Three stray cats looking straight at camera. With the policy change of Animal Humane Society, a shelter in Minneapolis, Minnesota, animal lovers are concerned about an increase in the feral cat population.
(Photo Credit: Monika Halinowska | Getty Images)

Minnesota Shelter’s Policy Change Concerns Cat Lovers

A Minneapolis-based shelter recently announced a change in its policies, which has raised concerns about the feral cat population among animal lovers. On July 1, the organization stopped offering its free Trap-Neuter-Return (TNR) services due to budget constraints. Rescuers will have to pay out of their pocket for the felines to get spayed or neutered, which might discourage many and increase the number of feral cats around the region.

Shelter changes policies, raises concerns about increase in feral cat population in Minneapolis

As of last Monday, the Animal Humane Society (AHS) stopped its free TNR services. The Minneapolis-based shelter’s policy change has led to rising concerns among rescuers. No-cost sterilization encouraged more people to participate in actively capturing and spaying or neutering feral kitties. However, with the policy change, they believe there is a high chance of a sharp increase in the feral cat population in Minneapolis, Minnesota.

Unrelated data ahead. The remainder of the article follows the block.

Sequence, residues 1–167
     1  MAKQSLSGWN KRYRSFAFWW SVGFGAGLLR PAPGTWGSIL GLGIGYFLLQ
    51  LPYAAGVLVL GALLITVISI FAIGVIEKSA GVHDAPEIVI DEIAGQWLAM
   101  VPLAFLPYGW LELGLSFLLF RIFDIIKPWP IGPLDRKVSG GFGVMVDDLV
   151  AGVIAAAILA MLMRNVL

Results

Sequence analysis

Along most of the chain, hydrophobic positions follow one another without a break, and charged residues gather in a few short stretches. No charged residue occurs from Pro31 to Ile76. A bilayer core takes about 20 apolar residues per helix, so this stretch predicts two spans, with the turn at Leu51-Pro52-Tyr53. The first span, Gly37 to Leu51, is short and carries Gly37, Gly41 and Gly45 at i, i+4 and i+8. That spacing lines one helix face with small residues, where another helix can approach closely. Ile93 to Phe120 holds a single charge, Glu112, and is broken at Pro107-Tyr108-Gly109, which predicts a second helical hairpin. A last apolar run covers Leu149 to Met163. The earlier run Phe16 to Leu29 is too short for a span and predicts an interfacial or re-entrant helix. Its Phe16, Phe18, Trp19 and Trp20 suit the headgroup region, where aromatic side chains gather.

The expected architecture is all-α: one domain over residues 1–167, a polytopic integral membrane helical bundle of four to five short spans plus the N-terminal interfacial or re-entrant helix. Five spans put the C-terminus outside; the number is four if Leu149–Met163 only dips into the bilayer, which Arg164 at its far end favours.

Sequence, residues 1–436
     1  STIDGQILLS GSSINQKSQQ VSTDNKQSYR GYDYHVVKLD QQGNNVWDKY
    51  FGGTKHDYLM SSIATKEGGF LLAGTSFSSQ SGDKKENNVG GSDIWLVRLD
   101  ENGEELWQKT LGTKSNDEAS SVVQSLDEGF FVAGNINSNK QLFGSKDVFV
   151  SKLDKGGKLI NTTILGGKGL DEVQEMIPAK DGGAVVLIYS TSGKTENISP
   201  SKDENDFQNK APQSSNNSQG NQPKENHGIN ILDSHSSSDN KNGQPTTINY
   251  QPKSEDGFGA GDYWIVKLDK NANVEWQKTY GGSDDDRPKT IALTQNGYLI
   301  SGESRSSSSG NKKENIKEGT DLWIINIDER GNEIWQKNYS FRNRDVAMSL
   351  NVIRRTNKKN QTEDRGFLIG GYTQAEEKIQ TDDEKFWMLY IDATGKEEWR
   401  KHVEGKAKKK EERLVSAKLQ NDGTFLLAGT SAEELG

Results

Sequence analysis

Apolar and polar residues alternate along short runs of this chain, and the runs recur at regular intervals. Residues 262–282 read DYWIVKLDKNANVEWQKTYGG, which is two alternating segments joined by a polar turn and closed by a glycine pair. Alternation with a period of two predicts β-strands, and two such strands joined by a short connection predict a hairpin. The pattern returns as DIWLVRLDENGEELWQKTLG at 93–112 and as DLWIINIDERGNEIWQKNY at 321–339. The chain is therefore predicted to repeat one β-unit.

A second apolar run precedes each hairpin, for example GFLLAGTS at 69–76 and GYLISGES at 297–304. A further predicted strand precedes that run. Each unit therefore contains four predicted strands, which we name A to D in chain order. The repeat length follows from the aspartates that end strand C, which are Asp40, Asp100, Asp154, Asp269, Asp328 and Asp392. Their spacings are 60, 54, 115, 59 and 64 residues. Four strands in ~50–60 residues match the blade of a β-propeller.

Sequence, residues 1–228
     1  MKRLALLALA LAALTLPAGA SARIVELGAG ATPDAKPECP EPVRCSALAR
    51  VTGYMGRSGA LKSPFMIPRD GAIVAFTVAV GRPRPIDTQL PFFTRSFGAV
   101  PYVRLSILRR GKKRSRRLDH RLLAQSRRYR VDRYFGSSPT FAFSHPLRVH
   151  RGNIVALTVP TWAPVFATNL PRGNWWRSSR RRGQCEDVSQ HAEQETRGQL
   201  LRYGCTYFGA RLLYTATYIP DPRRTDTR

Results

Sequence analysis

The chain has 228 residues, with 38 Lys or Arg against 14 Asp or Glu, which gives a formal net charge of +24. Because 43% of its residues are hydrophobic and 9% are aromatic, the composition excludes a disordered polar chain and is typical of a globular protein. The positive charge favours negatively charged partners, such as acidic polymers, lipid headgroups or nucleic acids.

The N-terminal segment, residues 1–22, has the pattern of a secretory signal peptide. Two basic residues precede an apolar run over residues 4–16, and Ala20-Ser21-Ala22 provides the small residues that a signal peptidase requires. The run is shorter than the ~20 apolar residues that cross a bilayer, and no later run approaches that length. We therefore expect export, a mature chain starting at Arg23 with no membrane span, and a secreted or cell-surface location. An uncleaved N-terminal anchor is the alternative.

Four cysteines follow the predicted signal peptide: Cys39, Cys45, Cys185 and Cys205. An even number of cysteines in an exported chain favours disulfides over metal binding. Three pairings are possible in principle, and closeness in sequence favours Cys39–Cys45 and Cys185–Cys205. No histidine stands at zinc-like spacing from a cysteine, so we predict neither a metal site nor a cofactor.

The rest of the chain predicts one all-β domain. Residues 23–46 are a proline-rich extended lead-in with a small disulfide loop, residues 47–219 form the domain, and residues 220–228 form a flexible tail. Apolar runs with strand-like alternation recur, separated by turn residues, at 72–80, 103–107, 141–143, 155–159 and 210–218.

Non-profit organizations like Bitty Kitty Brigade and Pet Project Rescue used AHS’ free services to help with sterilization costs. However, with the policy change, they might be unable to help as many felines as they used to. Moreover, many individuals who helped with the trapping of ferals can’t afford to pay out of their own pockets, which will also decrease the number of independent cat trappers.

According to CBS News, the Animal Humane Society had to change its policy due to a $3.5 million shortfall in its budget. Compared to the other changes, stopping the free TNR services was a harder decision, as the staff members knew it would have a significant impact. However, without the policy change, they couldn’t have continued.

Non-profit organizations are raising money to help individual rescuers. They plan to raise $25,000 to fund the cat rescue missions through the summer. Meanwhile, they will also look into solutions that could help them in the long run. State programs and grant funding are some of the potentials that they might be looking into.

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